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TREE. A woody plant, which in respect of thickness and height grows greater than any other plant.
     2. Trees are part of the real estate while growing, and before they are severed from the freehold; but as soon as they are cut down, they are personal property.
     3. Some trees are timber trees, while others do not bear that denomination. Vide Timber, and 2 Bl. Com. 281.
     4. Trees belong to the owner of the land where they grow, but if the roots go out of one man's land into that of another, or the branches spread over the adjoining estates, such roots or branches may be cut off by the owner of the land into which they thus grow. Rolle's R. 394; 3 Bulst. 198; Vin. Ab. Trees, E; and tit. Nuisance, W 2, pl. 3; 8 Com. Dig. 983; 2 Com. Dig. 274; 10 Vin. Ab. 142; 20 Viii. Ab. 415; 22 Vin. Ab. 583; 1 Supp. to Ves. jr. 138; 2 Supp. to Ves. jr. 162, 448; 6 Ves. 109.
     5. When the roots grow into the adjoining land, the owner of such land may lawfully claim a right to hold the tree in common with the owner of the land where it was planted; but if the branches only overshadow the adjoining land, and the root does not enter it, the tree wholly belongs owner of the estate where the roots grow. 1 Swift's Dig. 104; 1 Hill. Ab. 6; 1 Ld. Raym. 737. Vide 13 Pick. R. 44; 1 Pick., R. 224; 4 Mass. R. 266; 6 N. H. Rep. 430; 3 Day, 476; 11 Co. 50; Rob. 316; 2 Rolle, It. 141 Moo. & Mal. 112; 11 Conn. R. 177; 7 Conn. 125; 8 East, R. 394; 5 B. & Ald. 600; 1 Chit. Gen. Pr. 625; 2 Phil. Ev. 138; Gale & Wheat. on Easem. 210; Code Civ. art. 671; Pardes. Tr. des Servitudes, 297; Bro. Ab. Demand, 20; Dall. Dict. mot Servitudes, art. 3 Sec. 8; 2 P. Wms. 606; Moor, 812; Hob. 219; Plowd. 470; 5 B. & C. 897; S. C. 8 D. & R. 651. When the tree grows directly on the boundary line, so that the line passes through it, it is the property of both owners, whether it be marked as a boundary or not. 12 N. H. Rep. 454.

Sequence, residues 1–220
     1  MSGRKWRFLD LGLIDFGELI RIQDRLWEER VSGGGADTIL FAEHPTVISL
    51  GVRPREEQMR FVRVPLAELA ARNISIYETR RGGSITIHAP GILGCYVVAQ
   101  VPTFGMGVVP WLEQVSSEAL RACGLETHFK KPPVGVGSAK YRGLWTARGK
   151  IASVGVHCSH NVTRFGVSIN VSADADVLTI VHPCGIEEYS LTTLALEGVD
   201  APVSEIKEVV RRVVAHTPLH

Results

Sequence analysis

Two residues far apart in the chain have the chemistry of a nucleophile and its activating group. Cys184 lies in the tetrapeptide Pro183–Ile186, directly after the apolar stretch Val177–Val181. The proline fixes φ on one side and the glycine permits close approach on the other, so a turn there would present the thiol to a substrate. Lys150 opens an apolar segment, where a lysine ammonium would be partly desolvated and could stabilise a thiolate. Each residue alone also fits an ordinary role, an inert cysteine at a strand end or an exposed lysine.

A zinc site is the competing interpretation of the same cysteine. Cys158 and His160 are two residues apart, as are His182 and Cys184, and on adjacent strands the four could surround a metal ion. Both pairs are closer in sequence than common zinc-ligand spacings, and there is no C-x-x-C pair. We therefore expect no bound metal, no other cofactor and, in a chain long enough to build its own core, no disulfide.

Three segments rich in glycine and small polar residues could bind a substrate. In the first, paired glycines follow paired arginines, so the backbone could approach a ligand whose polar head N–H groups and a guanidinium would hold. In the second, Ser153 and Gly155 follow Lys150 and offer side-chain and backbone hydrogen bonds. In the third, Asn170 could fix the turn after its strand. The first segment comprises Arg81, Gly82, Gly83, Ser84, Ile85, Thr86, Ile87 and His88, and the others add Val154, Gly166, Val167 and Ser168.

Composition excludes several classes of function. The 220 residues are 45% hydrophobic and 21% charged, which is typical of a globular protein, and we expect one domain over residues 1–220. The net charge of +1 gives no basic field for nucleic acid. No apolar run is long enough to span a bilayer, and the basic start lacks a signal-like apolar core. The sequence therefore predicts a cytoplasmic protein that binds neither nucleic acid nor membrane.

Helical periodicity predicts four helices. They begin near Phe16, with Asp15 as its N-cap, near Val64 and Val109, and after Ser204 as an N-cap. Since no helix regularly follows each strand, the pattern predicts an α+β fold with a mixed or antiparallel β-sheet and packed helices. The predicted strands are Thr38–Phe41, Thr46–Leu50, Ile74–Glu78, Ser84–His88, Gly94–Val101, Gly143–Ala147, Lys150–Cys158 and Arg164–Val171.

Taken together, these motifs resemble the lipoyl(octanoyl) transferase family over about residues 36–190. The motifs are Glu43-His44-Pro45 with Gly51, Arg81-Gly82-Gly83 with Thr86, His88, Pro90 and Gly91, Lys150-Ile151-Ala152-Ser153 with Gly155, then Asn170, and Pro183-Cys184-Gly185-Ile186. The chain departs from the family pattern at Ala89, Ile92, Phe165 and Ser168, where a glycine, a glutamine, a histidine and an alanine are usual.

A Law Dictionary, Adapted to the Constitution and Laws of the United States. By John Bouvier. Published 1856.
References in periodicals archive ?
Harrison went on to point out that brown tree snakes are venomous but not deadly, though he did add that they're "a little bit fiery." According to the ( United States Department of Agriculture (USDA), the brown tree snake is an invasive species native to Australia, Indonesia and Papua New Guinea but was later discovered on Guam (likely by way of cargo).
The hope is that the acetaminophen will give a major headache to brown tree snakes. More than a headache in fact.
Brown tree snakes, believed to have been inadvertently carried to Guam around the end of World War Two aboard US military vessels, have become major pests blamed for wiping out native bird populations on the island.
Coconut crabs, monitor lizards, and a brown tree snake are also on display.
The common bronzeback tree snake Dendrelaphis tristis is reported from the hilly terrain of Margalla Hills National Park, Islamabad.
On a hot day, a green tree snake comes sliding out of a paperbark tree and into a playground.
Creepy Crawlies has five dedicated exhibits -- an Insect Wall featuring tarantulas, spiders, scorpions, millipedes, mantes, beetles and the Madagascar Hissing Cockroach; the Wall Mounted Glass Exhibits comprising walking sticks, geckos, frogs, lizards and toads; the Iguana Enclosure; the Burmese Python Enclosure and the Tree Snake Enclosure featuring the Oriental Whip Snake and Red Tail Racer Snake.
There was quite a lot work to be done and a few surprises, too, such as when they unfurled the mainsail to find a rather disturbed two-metre-long tree snake, along with family and/or friends, which had made the sail their home.
The venomous brown tree snake (Boiga irregularis) is a member of the Boiginae sub-family within the polyphyletic taxon Colubridae, and native to tropical Africa, India, and Australia (1).
"This island basin is currently under attack by a number of invasive species such as the brown tree snake, various rat species, and the coqui frog, which tends to reduce biodiversity," explains Fisher.
4 a: List two problems that the brown tree snake has caused in Guam.
He starts with a trip to Guam to investigate the impact of the brown tree snake on that island's native species and people; then proceeds to Hawaii, with its cornucopia of non-natives; and ends with a series of mini-excursions into the study of marine invaders.